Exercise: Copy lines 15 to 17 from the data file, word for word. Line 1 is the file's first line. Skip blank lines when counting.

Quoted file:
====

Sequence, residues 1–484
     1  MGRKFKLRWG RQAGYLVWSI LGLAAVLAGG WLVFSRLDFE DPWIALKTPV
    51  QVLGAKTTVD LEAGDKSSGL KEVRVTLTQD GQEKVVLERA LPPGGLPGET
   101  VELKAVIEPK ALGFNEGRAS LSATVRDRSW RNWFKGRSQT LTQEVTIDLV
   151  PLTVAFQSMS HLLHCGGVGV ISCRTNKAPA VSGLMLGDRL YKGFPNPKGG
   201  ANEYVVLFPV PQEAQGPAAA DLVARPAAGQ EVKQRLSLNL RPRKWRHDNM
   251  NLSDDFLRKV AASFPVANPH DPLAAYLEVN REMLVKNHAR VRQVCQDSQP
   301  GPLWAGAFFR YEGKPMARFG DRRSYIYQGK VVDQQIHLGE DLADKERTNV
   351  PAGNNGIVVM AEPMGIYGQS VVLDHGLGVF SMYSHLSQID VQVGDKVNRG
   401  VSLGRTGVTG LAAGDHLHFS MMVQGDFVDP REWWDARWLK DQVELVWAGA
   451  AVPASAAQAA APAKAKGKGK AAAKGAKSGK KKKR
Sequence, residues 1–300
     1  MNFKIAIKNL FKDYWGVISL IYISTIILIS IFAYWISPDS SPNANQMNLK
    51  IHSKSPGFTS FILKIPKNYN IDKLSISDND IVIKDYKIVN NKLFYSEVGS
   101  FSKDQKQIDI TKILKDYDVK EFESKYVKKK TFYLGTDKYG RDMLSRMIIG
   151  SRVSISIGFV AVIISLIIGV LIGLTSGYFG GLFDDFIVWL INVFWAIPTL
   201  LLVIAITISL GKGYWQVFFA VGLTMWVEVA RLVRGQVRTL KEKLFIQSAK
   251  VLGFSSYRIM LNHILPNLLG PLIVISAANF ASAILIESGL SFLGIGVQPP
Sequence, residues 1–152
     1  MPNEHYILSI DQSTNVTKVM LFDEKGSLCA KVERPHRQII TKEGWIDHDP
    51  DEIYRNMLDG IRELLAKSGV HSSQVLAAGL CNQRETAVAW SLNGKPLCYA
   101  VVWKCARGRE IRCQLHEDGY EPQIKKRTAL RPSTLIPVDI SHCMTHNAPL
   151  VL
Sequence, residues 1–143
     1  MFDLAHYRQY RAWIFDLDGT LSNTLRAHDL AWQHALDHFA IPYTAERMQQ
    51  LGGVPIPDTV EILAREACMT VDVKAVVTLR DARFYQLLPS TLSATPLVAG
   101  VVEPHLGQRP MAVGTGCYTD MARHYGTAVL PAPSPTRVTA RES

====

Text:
   101  FSKDQKQIDI TKILKDYDVK EFESKYVKKK TFYLGTDKYG RDMLSRMIIG
   151  SRVSISIGFV AVIISLIIGV LIGLTSGYFG GLFDDFIVWL INVFWAIPTL
   201  LLVIAITISL GKGYWQVFFA VGLTMWVEVA RLVRGQVRTL KEKLFIQSAK